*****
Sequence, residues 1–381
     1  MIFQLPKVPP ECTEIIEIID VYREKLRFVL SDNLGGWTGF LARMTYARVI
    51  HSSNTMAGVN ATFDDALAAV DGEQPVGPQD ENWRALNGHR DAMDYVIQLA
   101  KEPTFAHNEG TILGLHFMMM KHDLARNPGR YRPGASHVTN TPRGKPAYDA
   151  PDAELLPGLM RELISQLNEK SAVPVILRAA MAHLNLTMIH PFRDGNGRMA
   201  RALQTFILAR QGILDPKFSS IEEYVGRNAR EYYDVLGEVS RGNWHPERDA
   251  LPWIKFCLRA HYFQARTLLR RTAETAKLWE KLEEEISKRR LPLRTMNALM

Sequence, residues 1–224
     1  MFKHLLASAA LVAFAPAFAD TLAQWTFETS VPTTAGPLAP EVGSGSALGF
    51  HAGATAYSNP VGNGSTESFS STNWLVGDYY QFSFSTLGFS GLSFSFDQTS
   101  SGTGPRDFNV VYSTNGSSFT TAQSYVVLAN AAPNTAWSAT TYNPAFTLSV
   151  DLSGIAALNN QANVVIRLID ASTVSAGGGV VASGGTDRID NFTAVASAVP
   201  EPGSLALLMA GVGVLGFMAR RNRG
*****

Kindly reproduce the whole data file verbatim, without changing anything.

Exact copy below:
Sequence, residues 1–381
     1  MIFQLPKVPP ECTEIIEIID VYREKLRFVL SDNLGGWTGF LARMTYARVI
    51  HSSNTMAGVN ATFDDALAAV DGEQPVGPQD ENWRALNGHR DAMDYVIQLA
   101  KEPTFAHNEG TILGLHFMMM KHDLARNPGR YRPGASHVTN TPRGKPAYDA
   151  PDAELLPGLM RELISQLNEK SAVPVILRAA MAHLNLTMIH PFRDGNGRMA
   201  RALQTFILAR QGILDPKFSS IEEYVGRNAR EYYDVLGEVS RGNWHPERDA
   251  LPWIKFCLRA HYFQARTLLR RTAETAKLWE KLEEEISKRR LPLRTMNALM

Sequence, residues 1–224
     1  MFKHLLASAA LVAFAPAFAD TLAQWTFETS VPTTAGPLAP EVGSGSALGF
    51  HAGATAYSNP VGNGSTESFS STNWLVGDYY QFSFSTLGFS GLSFSFDQTS
   101  SGTGPRDFNV VYSTNGSSFT TAQSYVVLAN AAPNTAWSAT TYNPAFTLSV
   151  DLSGIAALNN QANVVIRLID ASTVSAGGGV VASGGTDRID NFTAVASAVP
   201  EPGSLALLMA GVGVLGFMAR RNRG